“People are taking advantage of the situation, selling herbs that they do not know or rather do not work. They just put a sticker on a packet of some powder written “mushonga wegomarara” (cancer treatment) just to make money. The reality is that not all of these can really cure cancer it takes a calling to know the correct medicines,” said Muzangirwa.

Muzangirwa’s sentiments was shared by Mbuya Mavhu a traditional healer of 30 years from Stoneridge Waterfalls, who is accredited with the Zimbabwe National Traditional Healers Association.

“I has been helping people with different issues since I was in Grade 7, and cancer is not unique. What I know is that it only needs people with a calling to understand the right treatment for each given case.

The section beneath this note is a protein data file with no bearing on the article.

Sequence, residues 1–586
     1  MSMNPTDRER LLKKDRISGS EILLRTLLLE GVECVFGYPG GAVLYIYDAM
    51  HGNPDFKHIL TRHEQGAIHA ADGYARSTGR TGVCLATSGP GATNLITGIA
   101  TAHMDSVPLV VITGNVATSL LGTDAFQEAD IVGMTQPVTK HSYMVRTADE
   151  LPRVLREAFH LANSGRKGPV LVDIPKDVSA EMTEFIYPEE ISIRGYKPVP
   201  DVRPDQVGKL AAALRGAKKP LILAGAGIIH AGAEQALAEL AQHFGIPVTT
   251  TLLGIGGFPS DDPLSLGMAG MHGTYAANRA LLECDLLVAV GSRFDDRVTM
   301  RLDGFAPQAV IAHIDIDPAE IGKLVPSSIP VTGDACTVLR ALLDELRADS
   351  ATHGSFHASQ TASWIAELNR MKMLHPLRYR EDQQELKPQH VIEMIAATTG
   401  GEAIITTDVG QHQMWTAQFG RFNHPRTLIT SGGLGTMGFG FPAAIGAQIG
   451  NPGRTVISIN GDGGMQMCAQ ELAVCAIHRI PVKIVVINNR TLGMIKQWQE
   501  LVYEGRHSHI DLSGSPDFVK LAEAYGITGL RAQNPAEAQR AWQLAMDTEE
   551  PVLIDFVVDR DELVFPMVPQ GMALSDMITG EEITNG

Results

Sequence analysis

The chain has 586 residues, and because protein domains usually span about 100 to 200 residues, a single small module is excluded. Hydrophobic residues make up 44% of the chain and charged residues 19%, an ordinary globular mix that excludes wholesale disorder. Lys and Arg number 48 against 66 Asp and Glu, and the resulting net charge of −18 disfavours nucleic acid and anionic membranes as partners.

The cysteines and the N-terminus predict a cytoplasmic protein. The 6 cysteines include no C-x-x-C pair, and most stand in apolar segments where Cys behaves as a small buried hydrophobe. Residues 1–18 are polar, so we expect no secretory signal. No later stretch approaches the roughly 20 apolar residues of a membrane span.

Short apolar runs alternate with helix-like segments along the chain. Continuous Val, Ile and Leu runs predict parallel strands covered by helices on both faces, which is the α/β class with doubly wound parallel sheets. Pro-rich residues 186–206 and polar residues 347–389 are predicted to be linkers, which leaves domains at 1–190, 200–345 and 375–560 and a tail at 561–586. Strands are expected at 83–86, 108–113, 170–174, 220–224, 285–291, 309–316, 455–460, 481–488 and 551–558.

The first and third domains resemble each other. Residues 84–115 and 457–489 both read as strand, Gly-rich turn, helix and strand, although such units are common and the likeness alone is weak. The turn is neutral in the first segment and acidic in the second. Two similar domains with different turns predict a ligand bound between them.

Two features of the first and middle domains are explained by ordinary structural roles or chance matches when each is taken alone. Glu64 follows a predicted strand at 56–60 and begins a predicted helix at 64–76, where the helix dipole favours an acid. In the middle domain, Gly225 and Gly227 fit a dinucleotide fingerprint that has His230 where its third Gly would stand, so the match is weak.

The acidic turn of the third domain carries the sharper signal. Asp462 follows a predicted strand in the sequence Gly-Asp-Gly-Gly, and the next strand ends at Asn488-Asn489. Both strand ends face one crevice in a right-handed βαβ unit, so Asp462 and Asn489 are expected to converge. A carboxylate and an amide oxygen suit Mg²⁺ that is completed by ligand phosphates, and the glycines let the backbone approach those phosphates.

As traditional healers we guided by the ancestors who through our spiritual communication can guide us through the treatment procedures and dosages as well,” said Gogo Mavhu.

However, she raised concerns on how people are taking advantage of desperate people and fraudulently take their money for something that they know does not work.

Zvinorwadza kuti vanhu vazhinji vakunofira pasi pemuti vachinyeberwa kuti vari kurapwa apa vachibirwa mari dzavo. (It’s painful that a lot of people are losing their lives under the name of getting help).

George Kandiero, President of Zinatha said traditional herbs can cure different ailments and have been used over centuries. He however said the upsurge of herbalist who are selling herbs in the streets are worrisome.